The International Criminal Tribunal for the Former Yugoslavia (ICTY) [official website] on Tuesday, granted early release [opinion] to Momcilo Krajisnik [ICTY materials, JURIST news archive], the former head of the Bosnian Serb parliament who was convicted in 2006 [case text] of the persecution, deportation and forcible transfer of civilians from their homes during Bosnia's 1992-95 war. The decision, written by Judge Theodor Meron [UN profile], was partially based upon evidence of Krajisnik's rehabilitation during his time in prison:
The SPR Report states that Krajisnik "could be termed as a model prisoner" and that since his arrival at the Usk prison, "he has behaved in an exemplary manner." It notes that Krajisnik attends the prison's education department to improve his knowledge of the English language, is involved in a Bible study group, and "uses the gym to keep himself fit." The SPR Report further notes that, upon release, Krajisnik wishes to return to his home in Pale, in Republika Srpska, Bosnia-Herzegovina, and work at his children's petrol station companyDespite two judges' belief that he should be released on August 3, the date that will mark completion of two-thirds of his total sentence, Meron determined that he will be released on September 1.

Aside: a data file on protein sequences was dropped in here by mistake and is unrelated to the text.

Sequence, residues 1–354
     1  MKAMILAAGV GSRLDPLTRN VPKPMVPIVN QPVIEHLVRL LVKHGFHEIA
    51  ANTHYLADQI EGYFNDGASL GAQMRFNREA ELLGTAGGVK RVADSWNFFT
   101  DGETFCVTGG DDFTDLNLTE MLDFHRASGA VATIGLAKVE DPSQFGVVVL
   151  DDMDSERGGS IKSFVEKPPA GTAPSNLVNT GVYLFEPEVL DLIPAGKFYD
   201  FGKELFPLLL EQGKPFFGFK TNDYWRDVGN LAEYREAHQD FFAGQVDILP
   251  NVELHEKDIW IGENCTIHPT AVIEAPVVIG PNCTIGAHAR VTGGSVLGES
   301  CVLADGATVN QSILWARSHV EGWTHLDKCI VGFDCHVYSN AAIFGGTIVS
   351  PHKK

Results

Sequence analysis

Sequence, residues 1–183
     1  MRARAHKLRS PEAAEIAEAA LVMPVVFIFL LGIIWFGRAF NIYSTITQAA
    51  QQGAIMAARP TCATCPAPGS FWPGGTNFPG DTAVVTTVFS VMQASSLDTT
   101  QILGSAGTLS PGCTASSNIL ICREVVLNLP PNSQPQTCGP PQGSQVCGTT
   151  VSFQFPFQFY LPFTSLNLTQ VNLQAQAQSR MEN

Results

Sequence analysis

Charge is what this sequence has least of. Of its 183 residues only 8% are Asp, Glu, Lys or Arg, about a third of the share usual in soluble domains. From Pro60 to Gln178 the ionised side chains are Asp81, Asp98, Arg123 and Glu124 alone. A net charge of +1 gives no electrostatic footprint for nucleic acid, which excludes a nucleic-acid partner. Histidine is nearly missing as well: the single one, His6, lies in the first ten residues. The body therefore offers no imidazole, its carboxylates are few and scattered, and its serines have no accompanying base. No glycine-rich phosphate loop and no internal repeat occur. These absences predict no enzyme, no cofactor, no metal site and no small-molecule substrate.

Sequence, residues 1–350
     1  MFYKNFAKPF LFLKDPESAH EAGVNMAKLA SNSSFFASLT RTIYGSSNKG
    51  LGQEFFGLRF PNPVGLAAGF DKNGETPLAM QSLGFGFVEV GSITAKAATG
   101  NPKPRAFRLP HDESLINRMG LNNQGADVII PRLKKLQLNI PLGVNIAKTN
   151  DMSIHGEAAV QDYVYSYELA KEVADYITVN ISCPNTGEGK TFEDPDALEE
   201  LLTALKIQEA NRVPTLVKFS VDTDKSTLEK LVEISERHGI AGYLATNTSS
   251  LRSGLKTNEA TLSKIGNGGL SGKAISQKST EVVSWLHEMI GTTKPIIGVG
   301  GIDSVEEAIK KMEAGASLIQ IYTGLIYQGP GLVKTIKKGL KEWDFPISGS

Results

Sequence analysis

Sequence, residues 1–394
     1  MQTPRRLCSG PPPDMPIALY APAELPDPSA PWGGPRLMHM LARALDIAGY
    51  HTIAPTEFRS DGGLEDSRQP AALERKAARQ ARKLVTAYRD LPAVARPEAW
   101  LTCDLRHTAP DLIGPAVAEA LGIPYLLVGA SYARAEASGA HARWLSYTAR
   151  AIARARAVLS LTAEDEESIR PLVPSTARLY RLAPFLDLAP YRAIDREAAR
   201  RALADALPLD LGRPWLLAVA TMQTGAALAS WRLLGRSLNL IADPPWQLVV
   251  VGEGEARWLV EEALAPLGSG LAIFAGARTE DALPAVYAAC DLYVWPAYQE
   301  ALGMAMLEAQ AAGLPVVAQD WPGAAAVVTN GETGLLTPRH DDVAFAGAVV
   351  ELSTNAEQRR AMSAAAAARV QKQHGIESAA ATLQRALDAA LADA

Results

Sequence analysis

The ICTY had denied three of Krajisnik's previous requests for early release denied, most recently [JURIST report] last November. Krajisnik had previously been denied early release in 2011 and 2010 [JURIST report]. At Krajisnik's 2006 trial, the ICTY found him not guilty on a charge of genocide, for which prosecutors had requested a life sentence, but still sentenced to 27 years [JURIST reports] imprisonment for various other war crimes. Former Bosnian Serb leader Radovan Karadzic [JURIST news archive], with whom Krajisnik worked closely, was also arrested in 2008 and currently faces war crimes charges [JURIST reports] before the ICTY. Krajisnik was initially indicted along with Biljana Plavsic [JURIST news archive], the former Bosnian Serb president, who was sentenced to 11 years in prison in 2003 after testifying against Krajisnik.